Summary: George Makoni is a human rights activist and community builder who has been arrested and jailed several times because of his defense of citizens’ rights in Zimbabwe. His nonpartisan organization has been a leading voice in promoting transparency in public offices and in enlightening rural communities on their rights and in providing voter information.
Profile: Zimbabwe’s rural communities have been “no go” areas for NonGovernment Organisations (NGOs) as they are perceived by the government as elements of regime change. Recently the government proposed plans to regularize and control the operations of NGOs through the PVO Amendment Bill. The bill would force the disclosure of funding sources and operating structures.There have also been fears that the government will shut down a number of NGOs as the country gears for the highly anticipated 2023 elections.
It is against this background that organisations such as the Wedza Residents Development Initiative Trust (WERDIT), founded by human rights activist George Makoni, found themselves at the risk of being thwarted by the government. The threats aren’t just verbal. In 2019, Makoni and six other activists were arrested and charged with treason soon after landing at the Harare International Airport.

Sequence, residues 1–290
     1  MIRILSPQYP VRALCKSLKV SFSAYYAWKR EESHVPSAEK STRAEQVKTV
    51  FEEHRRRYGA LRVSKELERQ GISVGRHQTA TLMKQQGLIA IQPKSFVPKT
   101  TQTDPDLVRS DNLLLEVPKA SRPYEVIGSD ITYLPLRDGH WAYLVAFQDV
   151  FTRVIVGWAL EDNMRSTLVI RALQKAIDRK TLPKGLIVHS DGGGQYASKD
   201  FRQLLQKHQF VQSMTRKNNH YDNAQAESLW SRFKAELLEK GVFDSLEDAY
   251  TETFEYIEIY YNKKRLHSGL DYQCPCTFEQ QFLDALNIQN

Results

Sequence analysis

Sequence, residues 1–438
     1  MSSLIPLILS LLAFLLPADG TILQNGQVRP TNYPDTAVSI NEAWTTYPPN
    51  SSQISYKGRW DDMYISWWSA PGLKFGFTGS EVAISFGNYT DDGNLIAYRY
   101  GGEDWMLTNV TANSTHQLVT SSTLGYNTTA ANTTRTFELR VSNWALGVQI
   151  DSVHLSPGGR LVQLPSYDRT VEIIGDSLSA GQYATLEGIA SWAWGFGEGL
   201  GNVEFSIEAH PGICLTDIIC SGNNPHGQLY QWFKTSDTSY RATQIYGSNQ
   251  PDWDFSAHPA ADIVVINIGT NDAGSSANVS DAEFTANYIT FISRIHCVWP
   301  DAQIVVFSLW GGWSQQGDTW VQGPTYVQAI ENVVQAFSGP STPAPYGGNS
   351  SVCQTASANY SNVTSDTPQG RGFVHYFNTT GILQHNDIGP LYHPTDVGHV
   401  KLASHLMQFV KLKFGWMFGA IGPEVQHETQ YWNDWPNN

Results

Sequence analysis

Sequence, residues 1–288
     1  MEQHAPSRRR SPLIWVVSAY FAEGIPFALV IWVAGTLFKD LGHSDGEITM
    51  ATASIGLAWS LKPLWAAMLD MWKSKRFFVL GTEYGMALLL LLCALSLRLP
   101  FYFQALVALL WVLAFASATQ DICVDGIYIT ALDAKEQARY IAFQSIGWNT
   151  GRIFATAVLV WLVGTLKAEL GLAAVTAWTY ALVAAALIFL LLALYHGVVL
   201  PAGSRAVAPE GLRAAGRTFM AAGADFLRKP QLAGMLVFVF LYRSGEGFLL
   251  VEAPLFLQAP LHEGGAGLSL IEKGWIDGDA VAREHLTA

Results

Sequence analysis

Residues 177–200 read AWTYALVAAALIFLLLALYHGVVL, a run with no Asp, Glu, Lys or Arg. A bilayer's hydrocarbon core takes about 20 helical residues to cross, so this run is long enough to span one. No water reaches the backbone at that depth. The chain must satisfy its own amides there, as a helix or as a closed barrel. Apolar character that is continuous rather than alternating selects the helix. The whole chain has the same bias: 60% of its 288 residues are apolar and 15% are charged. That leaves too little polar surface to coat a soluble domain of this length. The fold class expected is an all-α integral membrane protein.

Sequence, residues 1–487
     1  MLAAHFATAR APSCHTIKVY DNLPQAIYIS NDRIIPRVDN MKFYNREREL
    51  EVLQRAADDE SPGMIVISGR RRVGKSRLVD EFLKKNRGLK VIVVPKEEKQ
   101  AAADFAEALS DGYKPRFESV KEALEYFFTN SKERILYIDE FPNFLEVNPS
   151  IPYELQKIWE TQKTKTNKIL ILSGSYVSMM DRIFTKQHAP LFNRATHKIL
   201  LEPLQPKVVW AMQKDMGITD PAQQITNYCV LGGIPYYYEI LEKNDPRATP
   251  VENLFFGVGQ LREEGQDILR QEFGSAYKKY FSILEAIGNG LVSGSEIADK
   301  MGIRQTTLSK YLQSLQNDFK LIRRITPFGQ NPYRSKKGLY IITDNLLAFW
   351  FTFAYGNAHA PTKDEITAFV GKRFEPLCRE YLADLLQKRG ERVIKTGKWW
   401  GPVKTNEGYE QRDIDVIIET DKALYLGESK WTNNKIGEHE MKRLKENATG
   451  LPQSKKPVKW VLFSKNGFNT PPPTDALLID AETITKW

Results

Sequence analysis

“I have been arrested countless times by the state whilst carrying out my work,” says Makoni, “and the worst moment was when I was arrested after landing from the Maldives, where we had attended a human rights training session. I had to endure weeks in prison, and it was hard being separated from my family for just carrying out my work.”
It wasn’t the first time that Makoni has faced backlash over his activism. In 2016, he was brutally assaulted at Harare Town House after handing over a petition demanding an end to corrupt land deals that involved senior council and government officials.
Despite all this onslaught, he remains defiant: “I have faced the brutal wrath of the system, but that will not stop me from working towards the upliftment of rural communities inasmuch as information access and dissemination is concerned.”
That work has included many issues important to the people of Zimbabwe. During the Covid-19 national lockdown, WERDIT was instrumental in encouraging people to get vaccinated; part of this effort included demystifying myths around the vaccinations. WERDIT has also partnered with the Environment Management Agency (EMA) to alleviate conflicts arising from veldt fires, which are rampant in the summer season. And, most recently, Makoni’s organisation has sponsored discussions critical to women—reproductive health issues, women’s rights, gender-based violence, rape, and sexual abuse of minors.
Regardless of attacks from the government, Makoni continues his activism for a better Zimbabwe.